Jewish Sightseeing HomePage Jewish Sightseeing
Jewish Taiwan
Harrison Weblog

2005 blog


Jewish 'eyes' follow 

you throughout Taiwan

San Diego Jewish Times, April 19, 2005

By Donald H. Harrison

TAIPEI -- A mural gracing the lobby of the National Concert Hall in Taipei includes a gong-ringing woman, whose eyes are said to follow you wherever in the large assembly area you go.

I recently came to feel that the eyes of Jewish culture similarly were upon me wherever Nancy and I toured Taiwan in the company of our machatunim, Chang Wen-Shion, president of Lunghwa University of Science and Technology, and his wife Ming-Huy.

Elsewhere in the capital city of Taipei, for example, the National Palace Museum's many exhibits include one in which I was delighted to learn that counterweights that easily could pass for days-old bagels were hung in ancient times on hooks for measuring foodstuffs or valuables.

Mural at National Concert Hall-Taipei                       Ancient weights-National Palace Museum, Taipei

In Fenglin township, where the aboriginal Amis people host a stone-carving workshop for people with disabilities, one of the hollowed-out designs in a hunk of sandstone resembles a Star of David.  Yes, I know that the design also is used as a Chinese checkerboard, but in the artist's eye the six pointed symbol comprised neither a national symbol nor housing for an amusement.  The design was a place where a delicate little garden of micro-shrubs might be planted.

In Taiwan's magnificent Taroko Gorge, a sheer wall of white marble, having been washed by rushing blue river waters, now resembles a long row of white and blue Jewish prayer shawls. I could not help but feel that I was standing before a magnificent wall of tallisim fashioned by God Himself.


Rev. Hsu Chien-cheng and Magen David (at left) and  the tallisim effect on marble cliffs of Taroko Gorge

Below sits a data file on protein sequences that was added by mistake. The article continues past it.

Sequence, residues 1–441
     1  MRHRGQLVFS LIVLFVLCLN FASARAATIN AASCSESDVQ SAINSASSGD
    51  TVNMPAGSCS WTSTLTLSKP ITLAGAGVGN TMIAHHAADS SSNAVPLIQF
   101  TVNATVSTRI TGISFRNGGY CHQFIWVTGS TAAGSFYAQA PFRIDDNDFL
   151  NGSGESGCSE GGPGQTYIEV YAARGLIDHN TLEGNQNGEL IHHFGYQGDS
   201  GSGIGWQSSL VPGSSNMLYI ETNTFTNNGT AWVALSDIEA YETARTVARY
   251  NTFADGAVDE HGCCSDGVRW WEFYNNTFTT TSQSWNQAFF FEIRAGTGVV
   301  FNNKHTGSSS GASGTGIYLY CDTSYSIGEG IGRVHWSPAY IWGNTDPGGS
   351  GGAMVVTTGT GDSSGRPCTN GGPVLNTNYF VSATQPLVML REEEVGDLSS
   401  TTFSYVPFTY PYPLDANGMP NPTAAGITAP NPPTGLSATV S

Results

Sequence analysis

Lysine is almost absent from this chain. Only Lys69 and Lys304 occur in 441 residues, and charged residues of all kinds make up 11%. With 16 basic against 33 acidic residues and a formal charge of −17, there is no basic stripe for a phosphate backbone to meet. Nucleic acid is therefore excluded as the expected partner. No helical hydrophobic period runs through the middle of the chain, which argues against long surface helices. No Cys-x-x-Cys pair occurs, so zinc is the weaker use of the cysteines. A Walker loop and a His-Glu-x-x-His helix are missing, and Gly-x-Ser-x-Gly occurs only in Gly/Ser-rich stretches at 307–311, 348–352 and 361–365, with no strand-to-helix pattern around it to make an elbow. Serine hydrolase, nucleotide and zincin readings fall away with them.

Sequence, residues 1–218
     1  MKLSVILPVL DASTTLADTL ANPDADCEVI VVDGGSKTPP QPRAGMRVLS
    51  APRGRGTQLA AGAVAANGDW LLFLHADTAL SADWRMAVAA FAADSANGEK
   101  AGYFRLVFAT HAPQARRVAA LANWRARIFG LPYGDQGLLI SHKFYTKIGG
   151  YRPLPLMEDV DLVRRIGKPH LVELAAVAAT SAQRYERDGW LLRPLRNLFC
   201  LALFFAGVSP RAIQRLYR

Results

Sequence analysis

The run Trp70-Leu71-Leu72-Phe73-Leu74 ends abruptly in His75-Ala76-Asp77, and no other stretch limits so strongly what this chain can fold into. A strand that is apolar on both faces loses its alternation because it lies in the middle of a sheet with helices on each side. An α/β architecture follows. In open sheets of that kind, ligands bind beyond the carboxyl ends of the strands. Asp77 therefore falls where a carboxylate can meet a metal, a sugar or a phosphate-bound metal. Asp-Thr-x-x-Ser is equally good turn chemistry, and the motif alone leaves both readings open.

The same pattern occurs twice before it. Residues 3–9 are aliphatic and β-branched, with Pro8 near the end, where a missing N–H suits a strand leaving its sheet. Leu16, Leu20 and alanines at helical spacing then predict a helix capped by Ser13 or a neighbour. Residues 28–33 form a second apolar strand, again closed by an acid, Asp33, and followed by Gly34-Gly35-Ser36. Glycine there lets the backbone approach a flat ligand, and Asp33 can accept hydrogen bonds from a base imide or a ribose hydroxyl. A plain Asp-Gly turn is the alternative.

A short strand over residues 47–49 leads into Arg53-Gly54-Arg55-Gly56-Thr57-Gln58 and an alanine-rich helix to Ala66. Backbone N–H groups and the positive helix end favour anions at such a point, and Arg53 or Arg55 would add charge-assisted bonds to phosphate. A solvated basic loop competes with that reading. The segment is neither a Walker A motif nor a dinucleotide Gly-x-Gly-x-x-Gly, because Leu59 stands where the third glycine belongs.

In Shuili, one can visit a "snake kiln" stretching perhaps 30 meters down a hill.  Pottery from this village has been fired in this long sinuous kiln for many years. When the kiln is not in use, one may step inside the chambers where the pottery is baked. Doing so, I imagined myself being like Jonah alive and well inside the belly of a remarkable creature.

In Jiji, one can find the Wuchang Buddhist Temple that was destroyed in the earthquake of Sept. 21, 1999. The earthquake struck at night, so luckily no one was inside the house of worship when it collapsed. Standing before it, I envisioned the biblical story in which Samson wreaked similar devastation on a Philistine temple.


Dr. Lien Wan-Fu  of the National Yunlin University of Science and Technology stands inside the snake kiln (left) and a family views the crushed temple in Jiji. The two sites  invoke memories of Jonah and Samson

  In Hualien, we visited another Buddhist site--the headquarters, school and hospital of the Tzu Chi movement, which engages in humanitarian work around the world.  A bone marrow bank is one of its projects--and according to a display, at least one successful match was found for a patient in Israel.